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Disease in the Developing World

News Releases

Key: Meeting M      Journal J      Funder F

Showing releases 701-725 out of 891.

<< < 24 | 25 | 26 | 27 | 28 | 29 | 30 | 31 | 32 | 33 > >>

Public Release: 4-Mar-2013
Lancet
New data show countries around the world grappling with changing health challenges
Alzheimer's disease is the fastest growing threat to health in the US. HIV/AIDS and alcohol are severely eroding the health of Russians. Violence is claiming the lives of young men in large swaths of Latin America. Despite health gains in sub-Saharan Africa, infectious diseases still cause hundreds of thousands of child deaths. These findings will be announced on March 5 at the Bill & Melinda Gates Foundation in Seattle, by IHME Director Dr. Christopher Murray and Bill Gates.
Bill & Melinda Gates Foundation

Contact: Rhonda Stewart
stewartr@uw.edu
206-861-6684
Institute for Health Metrics and Evaluation

Public Release: 3-Mar-2013
Nature Climate Change
Early warning system provides 4-month forecast of malaria epidemics in northwest India
Sea surface temperatures in the tropical South Atlantic Ocean can be used to accurately forecast, by up to four months, malaria epidemics thousands of miles away in northwestern India, a University of Michigan theoretical ecologist and her colleagues have found.
National Institute of Malaria Research New Delhi, University of Michigan/Graham Sustainability Institute, NOAA, National Science Foundation, NASA

Contact: Jim Erickson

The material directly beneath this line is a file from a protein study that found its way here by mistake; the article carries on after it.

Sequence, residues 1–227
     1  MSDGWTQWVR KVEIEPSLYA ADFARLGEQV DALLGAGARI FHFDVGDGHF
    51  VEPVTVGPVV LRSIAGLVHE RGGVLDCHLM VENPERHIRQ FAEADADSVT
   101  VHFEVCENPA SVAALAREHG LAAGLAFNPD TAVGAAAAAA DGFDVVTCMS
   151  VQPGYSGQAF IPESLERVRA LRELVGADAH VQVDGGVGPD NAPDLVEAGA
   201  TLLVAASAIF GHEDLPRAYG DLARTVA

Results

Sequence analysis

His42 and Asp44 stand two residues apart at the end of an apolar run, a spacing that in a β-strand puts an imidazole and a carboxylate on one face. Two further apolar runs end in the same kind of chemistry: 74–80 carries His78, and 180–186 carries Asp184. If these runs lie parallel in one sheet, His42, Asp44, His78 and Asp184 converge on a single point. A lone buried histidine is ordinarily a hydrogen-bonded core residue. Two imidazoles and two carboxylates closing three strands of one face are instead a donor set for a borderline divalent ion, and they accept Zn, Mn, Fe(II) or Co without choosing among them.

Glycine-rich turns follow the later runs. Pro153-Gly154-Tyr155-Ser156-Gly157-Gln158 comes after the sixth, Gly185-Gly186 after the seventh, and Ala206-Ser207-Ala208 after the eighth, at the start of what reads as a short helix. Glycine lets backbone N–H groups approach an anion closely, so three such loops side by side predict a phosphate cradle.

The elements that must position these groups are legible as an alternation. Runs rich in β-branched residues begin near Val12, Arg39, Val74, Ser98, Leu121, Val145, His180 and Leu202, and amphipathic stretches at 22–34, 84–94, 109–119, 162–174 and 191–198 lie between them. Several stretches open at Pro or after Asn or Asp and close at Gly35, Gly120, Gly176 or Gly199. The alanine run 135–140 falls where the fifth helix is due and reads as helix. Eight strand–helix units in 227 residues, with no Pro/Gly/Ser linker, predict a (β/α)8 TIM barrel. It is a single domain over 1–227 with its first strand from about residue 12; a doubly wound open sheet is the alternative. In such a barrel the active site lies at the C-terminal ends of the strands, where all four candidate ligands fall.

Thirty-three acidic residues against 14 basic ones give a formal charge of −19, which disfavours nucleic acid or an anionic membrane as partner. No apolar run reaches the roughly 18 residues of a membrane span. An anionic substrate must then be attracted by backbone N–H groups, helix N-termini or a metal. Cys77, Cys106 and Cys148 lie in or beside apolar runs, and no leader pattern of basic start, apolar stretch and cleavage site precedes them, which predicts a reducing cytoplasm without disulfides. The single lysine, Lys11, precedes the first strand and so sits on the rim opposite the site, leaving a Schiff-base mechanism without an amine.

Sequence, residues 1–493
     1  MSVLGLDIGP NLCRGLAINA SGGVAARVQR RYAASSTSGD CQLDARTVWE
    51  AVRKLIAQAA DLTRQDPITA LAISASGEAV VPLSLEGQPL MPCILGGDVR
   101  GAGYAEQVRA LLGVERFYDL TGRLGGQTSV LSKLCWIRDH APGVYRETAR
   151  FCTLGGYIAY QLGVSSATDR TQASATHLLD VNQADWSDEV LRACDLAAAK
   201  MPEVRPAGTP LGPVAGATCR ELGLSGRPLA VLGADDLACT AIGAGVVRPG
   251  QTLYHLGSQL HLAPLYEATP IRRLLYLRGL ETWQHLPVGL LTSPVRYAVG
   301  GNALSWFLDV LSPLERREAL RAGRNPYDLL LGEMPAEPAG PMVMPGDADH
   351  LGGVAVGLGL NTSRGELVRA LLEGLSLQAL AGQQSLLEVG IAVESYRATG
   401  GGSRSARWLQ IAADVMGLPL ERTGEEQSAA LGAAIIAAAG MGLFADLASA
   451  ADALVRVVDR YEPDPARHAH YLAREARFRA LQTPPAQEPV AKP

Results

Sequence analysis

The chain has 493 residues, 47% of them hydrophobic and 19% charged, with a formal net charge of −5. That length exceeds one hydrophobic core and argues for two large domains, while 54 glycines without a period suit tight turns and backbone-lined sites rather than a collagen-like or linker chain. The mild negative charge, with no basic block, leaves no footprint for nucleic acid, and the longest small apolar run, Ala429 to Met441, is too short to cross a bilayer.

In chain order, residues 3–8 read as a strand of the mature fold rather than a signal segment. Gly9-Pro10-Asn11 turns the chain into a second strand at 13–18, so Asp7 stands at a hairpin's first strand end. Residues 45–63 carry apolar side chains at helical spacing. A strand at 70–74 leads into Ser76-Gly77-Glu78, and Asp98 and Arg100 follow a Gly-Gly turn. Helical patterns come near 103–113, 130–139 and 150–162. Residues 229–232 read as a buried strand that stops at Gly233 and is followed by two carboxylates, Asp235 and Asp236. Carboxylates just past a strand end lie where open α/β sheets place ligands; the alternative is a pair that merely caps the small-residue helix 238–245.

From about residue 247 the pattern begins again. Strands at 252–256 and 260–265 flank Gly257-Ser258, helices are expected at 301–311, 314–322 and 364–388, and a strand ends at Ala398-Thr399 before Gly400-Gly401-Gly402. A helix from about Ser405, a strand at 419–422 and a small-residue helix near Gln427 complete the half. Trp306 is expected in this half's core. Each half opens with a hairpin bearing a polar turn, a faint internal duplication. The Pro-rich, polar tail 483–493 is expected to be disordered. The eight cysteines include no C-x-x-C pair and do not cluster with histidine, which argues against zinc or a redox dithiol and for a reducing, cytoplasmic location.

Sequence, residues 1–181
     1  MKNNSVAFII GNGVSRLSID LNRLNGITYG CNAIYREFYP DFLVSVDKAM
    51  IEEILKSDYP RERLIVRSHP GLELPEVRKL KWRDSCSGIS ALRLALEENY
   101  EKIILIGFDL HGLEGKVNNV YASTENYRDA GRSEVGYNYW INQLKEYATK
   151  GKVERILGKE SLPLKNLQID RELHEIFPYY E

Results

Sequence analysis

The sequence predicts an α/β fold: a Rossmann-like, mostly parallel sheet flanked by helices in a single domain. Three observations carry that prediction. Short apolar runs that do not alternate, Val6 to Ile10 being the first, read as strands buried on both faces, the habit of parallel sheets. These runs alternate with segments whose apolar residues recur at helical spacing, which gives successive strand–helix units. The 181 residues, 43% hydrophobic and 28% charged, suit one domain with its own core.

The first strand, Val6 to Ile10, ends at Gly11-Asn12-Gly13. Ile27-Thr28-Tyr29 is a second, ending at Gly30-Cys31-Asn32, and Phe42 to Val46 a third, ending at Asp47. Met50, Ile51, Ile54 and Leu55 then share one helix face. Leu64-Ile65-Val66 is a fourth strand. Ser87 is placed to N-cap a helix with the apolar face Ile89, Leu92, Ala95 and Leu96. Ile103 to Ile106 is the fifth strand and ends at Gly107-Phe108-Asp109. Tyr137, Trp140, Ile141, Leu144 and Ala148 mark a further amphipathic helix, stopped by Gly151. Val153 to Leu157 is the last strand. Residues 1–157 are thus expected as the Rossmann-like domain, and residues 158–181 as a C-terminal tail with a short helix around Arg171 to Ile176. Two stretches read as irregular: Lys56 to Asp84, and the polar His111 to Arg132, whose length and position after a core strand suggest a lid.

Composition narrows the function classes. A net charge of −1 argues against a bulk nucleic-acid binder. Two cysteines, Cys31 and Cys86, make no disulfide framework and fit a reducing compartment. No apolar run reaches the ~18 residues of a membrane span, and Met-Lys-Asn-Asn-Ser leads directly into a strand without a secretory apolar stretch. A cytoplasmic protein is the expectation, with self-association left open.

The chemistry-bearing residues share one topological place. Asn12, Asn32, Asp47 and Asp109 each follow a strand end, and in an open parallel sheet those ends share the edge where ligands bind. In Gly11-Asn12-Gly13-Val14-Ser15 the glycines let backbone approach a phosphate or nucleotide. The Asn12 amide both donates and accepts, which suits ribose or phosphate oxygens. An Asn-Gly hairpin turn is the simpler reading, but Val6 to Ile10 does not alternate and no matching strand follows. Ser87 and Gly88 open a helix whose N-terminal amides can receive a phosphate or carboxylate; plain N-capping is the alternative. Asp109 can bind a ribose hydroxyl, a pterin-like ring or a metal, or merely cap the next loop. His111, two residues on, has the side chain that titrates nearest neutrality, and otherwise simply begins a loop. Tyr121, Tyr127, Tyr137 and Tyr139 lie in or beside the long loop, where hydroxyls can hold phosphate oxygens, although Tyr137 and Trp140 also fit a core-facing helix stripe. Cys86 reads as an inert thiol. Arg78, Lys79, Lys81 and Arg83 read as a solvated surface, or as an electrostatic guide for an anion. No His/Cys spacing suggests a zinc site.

ericksn@umich.edu
734-647-1842
University of Michigan

Public Release: 28-Feb-2013
Human trials for Streptococcus A vaccine
Griffith University's Institute for Glycomics has launched human trials for a vaccine against Streptococcus A, the germ that causes rheumatic fever.
Queensland Institute of Medical Research

Contact: Helen Wright
helen.wright@griffith.edu.au
07-373-54288
Griffith University

Public Release: 28-Feb-2013
Science
Wolf in sheep's clothing: Uncovering how deadly bacteria trick the immune system
A new UCLA study demonstrates how bacteria can pretend to be a virus and trick the immune system into sending out the wrong type of defense. Such manipulation sheds light on how the flu may make us more susceptible to pneumonia or as in the recent outbreak of TB in Los Angeles, possibly how the flu and other environmental factors could be used to the TB bacteria's advantage.
NIH/National Institute of Arthritis and Musculoskeletal Skin Diseases

Contact: Rachel Champeau
rchampeau@mednet.ucla.edu
310-794-2270
University of California - Los Angeles Health Sciences

Public Release: 28-Feb-2013
PLOS Neglected Tropical Diseases
Deworming important for children's health, has limited impact on infection in wider communities
Although they have an important impact on children's health and education, school-based deworming programs have a limited impact on the level of infection in the wider community, according to a mathematical modeling study conducted by researchers at Imperial College London.

Contact: Sam Wong
sam.wong@imperial.ac.uk
44-207-594-2198
PLOS

Public Release: 27-Feb-2013
PLOS ONE
Rapid, point-of-care tests for syphilis: The future of diagnosis
An international research team, led by the Research Institute of the McGill University Health Centre, has demonstrated that rapid and point-of-care tests (POC) for syphilis are as accurate as conventional laboratory tests. The findings, which were published in PLOS ONE, call for a major change in approach to syphilis testing and recommend replacing first line laboratory tests with POC tests globally, especially in resource-limited settings.